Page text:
About thirty years ago, among the patients at the hospital, there was a Muslim originating from Kiota (a city of Niger, 700 kilometers from Tanguiéta), who, after returning home, described the great assistance he received to the caliph of Kiota, the authoritative spiritual guide of the Sufi-inspired Tijaniyya Brotherhood. Since then, the caliph began sending patients regularly to the hospital in Tanguiéta, giving each a letter in which he described their clinical case to Bro Fiorenzo and promising remembrance in Friday prayers at the mosque. “The caliph was a man of peace, very open, and genuinely involved in interreligious dialogue. When he died, the first person who rushed to view the remains was the Archbishop of Niamey,” recalls Bro Fiorenzo. “Our relationship was only through letters: we never met, but we became friends, bound by mutual esteem and affection.”

From father to son
Continuing the work of the caliph is now the son, Cheikh Moussa Aboubacar Hassouni, 56 years old, married and the father of four children, religious leader and director of the El Azhar University in Kiota. He is part of the Interregional Commission for Interreligious Dialogue, is president of the “Interreligious Dialogue Committee” of the Niamey region and is completing the drafting of a training manual on this issue as a consultant of a partner organization of the European Union.

The situation in Niger
“In the meetings devoted to dialogue,” he says, “I give the example of Niger, where relations between Christians and Muslims are friendly and peaceful, based on collaboration and mutual respect. It is always my desire to support and defend a peaceful Islam, in this case, that of Sufi Islam and the Tijaniyya Brotherhood, which is the majority in my country.”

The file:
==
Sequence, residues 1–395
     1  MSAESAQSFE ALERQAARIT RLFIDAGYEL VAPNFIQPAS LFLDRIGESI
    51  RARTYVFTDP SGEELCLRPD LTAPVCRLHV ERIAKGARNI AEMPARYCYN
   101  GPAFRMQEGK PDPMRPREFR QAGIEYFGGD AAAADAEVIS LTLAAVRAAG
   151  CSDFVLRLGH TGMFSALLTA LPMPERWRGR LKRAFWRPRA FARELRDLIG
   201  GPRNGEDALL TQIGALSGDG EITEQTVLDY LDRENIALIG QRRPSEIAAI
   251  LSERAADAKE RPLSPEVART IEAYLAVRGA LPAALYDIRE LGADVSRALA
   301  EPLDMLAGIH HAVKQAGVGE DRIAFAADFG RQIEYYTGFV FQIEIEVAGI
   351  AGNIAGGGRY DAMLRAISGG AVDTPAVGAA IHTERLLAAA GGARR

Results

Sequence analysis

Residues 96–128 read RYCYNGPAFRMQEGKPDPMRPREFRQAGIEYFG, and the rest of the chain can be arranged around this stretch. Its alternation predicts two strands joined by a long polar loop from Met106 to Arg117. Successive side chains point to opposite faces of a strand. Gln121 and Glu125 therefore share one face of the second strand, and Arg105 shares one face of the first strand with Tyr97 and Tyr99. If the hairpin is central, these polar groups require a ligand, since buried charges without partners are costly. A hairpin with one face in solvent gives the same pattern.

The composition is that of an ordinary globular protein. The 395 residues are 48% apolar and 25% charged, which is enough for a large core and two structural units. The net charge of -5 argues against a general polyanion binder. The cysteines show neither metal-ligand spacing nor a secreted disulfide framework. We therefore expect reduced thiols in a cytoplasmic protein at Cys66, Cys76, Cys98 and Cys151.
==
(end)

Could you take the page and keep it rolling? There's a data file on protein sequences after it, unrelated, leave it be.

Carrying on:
Bro Fiorenzo describes him as a man who is faithful to the work and the style of his father. “This continuity has great value for me. I still remember, with emotion, the party that was organized in my honour in Kiota a few years ago. Many of my patients had been invited from all parts of Niger. I received extraordinary demonstrations of affection and gratitude.” The caliph Moussa Aboubacar, for his part, expressed his admiration for the Friar: “What I find most striking is his generous availability and simplicity: I really appreciate his desire to become the servant of all, without making distinctions based on skin colour, or religious or political belief. He is a man of great humanity.”

The Catholic presence
And, reflecting on the Christian presence in Africa, he says: “I am convinced that they can bring peace, brotherhood and development to the African continent. The Catholics in Niger have built schools and hospitals, generously putting them at the disposal of the population, which is predominantly Muslim. They were also able to stand next to each person, sharing in their joys and sorrows. These are gestures that Muslims really appreciate.”

Fruitful brotherhood
Authentically religious people (Christians and Muslims) who work together “can offer an important witness to the world, to provide proof that brotherhood and mutual understanding are possible,” says Bro Fiorenzo. According to the caliph Moussa Aboubacar, “these constitute the foundation that the world needs today, in order to build peace tomorrow. The most concrete example is offered precisely by the exemplary relations of friendship and fraternity that bind the caliphate of Kiota and Bro Fiorenzo: it is not just a simple friendship between two men, but a friendship which has the involvement of the entire population, who is its first witness, and is the first to benefit.” -- La Stampa